Manchester is hot today, and the sticky heat present the last couple of days found its way into every corner of the city.
The pubs and bars up and down Oxford Street overflow with revellers and there is a distinct ‘Friday night’ feel about the city, with the palpable sense of weekend endeavour not hampered in spite of the heat. This atmosphere makes its way to Manchester Academy, and a triumphant Arlo Parks show is a superb moment in time for the huge crowd.
The Academy fills up late, and the humid anticipation is reaching a fever pitch as Arlo Parks hits the stage. Right from the off, it is noticeable how Parks is adored by her audience and she bounds about the stage in a Cramps tee. Her band launch into ‘Bruiseless’, and the short, sharp intro to the set is like an immediate punch through the haze. ‘Weightless’ and ‘Blades’ follow swiftly in a huge show of energy and intent.
As Parks bounds up and down the stage, the energy that she exhibits in such a hot room is already an impressive feat in itself, but furthermore, Parks is note-perfect. ‘Caroline’ is an early highlight, and the crowd is loud in their chorus. Arlo doesn’t put the mic to her lips and she leans into the masses to hear them shout the “Caaaaroline” refrain directly back at her (you have to assume similar scenes are taking place at the Dexys’ gig across the city inside Bridgewater Hall). Arlo finds herself in the crowd at one point, bouncing high on the barrier with her fans.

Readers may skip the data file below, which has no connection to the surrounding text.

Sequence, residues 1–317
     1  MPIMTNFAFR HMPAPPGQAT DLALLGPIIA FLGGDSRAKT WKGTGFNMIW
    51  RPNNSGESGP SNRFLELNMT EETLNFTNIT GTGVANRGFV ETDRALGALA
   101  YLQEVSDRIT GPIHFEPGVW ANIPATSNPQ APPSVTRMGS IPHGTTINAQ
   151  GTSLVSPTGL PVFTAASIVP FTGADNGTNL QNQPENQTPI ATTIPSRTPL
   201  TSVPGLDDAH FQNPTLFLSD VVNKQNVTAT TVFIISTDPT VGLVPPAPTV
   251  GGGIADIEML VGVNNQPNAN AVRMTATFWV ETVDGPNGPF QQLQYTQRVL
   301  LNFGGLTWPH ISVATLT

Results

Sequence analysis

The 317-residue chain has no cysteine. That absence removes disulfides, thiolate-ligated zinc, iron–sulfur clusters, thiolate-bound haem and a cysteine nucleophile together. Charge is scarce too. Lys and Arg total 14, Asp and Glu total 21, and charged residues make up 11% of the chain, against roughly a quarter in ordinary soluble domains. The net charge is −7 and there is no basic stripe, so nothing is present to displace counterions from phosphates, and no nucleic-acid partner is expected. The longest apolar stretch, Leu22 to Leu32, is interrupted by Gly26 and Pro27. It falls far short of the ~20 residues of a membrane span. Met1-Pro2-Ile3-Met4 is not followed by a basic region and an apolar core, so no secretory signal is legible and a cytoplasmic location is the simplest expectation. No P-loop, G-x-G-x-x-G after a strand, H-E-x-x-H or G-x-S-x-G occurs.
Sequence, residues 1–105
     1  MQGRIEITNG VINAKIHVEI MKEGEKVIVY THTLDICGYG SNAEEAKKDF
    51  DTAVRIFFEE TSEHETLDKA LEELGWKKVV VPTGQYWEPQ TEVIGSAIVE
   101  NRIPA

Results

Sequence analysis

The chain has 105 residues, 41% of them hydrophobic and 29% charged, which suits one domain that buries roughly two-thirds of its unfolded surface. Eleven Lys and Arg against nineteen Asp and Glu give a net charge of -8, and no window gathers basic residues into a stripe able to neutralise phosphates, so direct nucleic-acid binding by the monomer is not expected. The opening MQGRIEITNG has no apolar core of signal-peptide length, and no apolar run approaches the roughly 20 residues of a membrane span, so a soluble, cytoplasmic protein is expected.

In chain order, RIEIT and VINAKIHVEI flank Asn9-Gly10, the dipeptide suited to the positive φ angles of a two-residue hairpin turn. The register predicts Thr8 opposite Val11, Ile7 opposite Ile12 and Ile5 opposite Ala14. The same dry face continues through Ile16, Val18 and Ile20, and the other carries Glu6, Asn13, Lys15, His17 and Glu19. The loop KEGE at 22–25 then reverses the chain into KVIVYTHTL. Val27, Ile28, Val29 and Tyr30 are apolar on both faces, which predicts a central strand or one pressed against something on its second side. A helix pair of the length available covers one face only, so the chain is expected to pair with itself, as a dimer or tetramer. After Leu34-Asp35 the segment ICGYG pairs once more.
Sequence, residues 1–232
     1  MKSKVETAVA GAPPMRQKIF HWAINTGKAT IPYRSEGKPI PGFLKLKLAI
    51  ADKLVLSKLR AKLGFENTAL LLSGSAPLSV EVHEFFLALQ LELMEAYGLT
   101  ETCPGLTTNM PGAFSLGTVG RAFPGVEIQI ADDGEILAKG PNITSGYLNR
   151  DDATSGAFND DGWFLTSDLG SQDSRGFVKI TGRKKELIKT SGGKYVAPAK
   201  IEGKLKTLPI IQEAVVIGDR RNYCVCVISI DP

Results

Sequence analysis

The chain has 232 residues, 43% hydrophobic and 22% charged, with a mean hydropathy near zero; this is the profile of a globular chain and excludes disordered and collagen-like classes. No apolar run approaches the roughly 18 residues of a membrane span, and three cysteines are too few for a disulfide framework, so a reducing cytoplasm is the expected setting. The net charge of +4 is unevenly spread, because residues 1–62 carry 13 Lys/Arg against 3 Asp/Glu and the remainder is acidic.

She punctuates her tracks with anecdotes about their creation, which are often funny, heartbreaking and poetically romantic. As well as her sublime lyricism, Parks is a wonderful storyteller and her tracks can be cuttingly relatable and crushingly sad whilst simultaneously embodying a profound euphoria. ‘Eugine’ is another great moment, and again the crowd are in fine voice for Parks: her band showcase their skills too, and the cut is given a fantastic guitar solo. This is the case throughout, and each member has a unique moment or two woven into the set to showcase their abundant talent.
‘Hurt’, ‘Too Good’ and ‘Black Dog’ is a three-play that is almost cruel in how emotive and cutting the songs are. The sweat from foreheads becomes indistinguishable from tears on cheeks, as Parks pours her heart out. ‘Devotion’, a highlight from her new record My Soft Machine sounds phenomenal, and the entire band come to life once again. Arlo, black Telecaster hung around her neck, sounds fantastic through huge, fuzzy guitar parts. She looks like a grunge frontwoman; donning the low-slung guitar with a pleated skirt, Cramps tee and flash of red hair as the diverse influences of her musical output are represented across Parks herself.
A single track encore of ‘Softly’ is a beautiful, bouncy closer and it embodies the whole Arlo Parks experience, you dance, you laugh, you cry at her touching words and fantastic music. The show is a triumph and Arlo brings the house down. It’s evident that moments like this are not lost on the young performer, and you can’t help but marvel at a star in the making.
Photo credit: Alexandra Waespi